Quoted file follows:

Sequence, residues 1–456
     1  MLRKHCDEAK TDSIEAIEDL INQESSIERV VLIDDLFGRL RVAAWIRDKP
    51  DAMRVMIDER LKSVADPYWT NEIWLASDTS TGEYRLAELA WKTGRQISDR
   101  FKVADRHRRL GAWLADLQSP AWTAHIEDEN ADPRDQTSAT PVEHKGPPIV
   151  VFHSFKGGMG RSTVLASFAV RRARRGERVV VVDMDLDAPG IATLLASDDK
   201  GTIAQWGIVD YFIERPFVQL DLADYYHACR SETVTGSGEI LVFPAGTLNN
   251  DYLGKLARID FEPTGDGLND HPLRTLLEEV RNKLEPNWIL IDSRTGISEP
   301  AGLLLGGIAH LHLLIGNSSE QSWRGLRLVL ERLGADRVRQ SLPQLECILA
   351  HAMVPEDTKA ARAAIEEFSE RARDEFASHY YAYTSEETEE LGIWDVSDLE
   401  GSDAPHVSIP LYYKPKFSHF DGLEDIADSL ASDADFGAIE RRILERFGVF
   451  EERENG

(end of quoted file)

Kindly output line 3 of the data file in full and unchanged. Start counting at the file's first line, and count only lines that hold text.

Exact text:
    51  DAMRVMIDER LKSVADPYWT NEIWLASDTS TGEYRLAELA WKTGRQISDR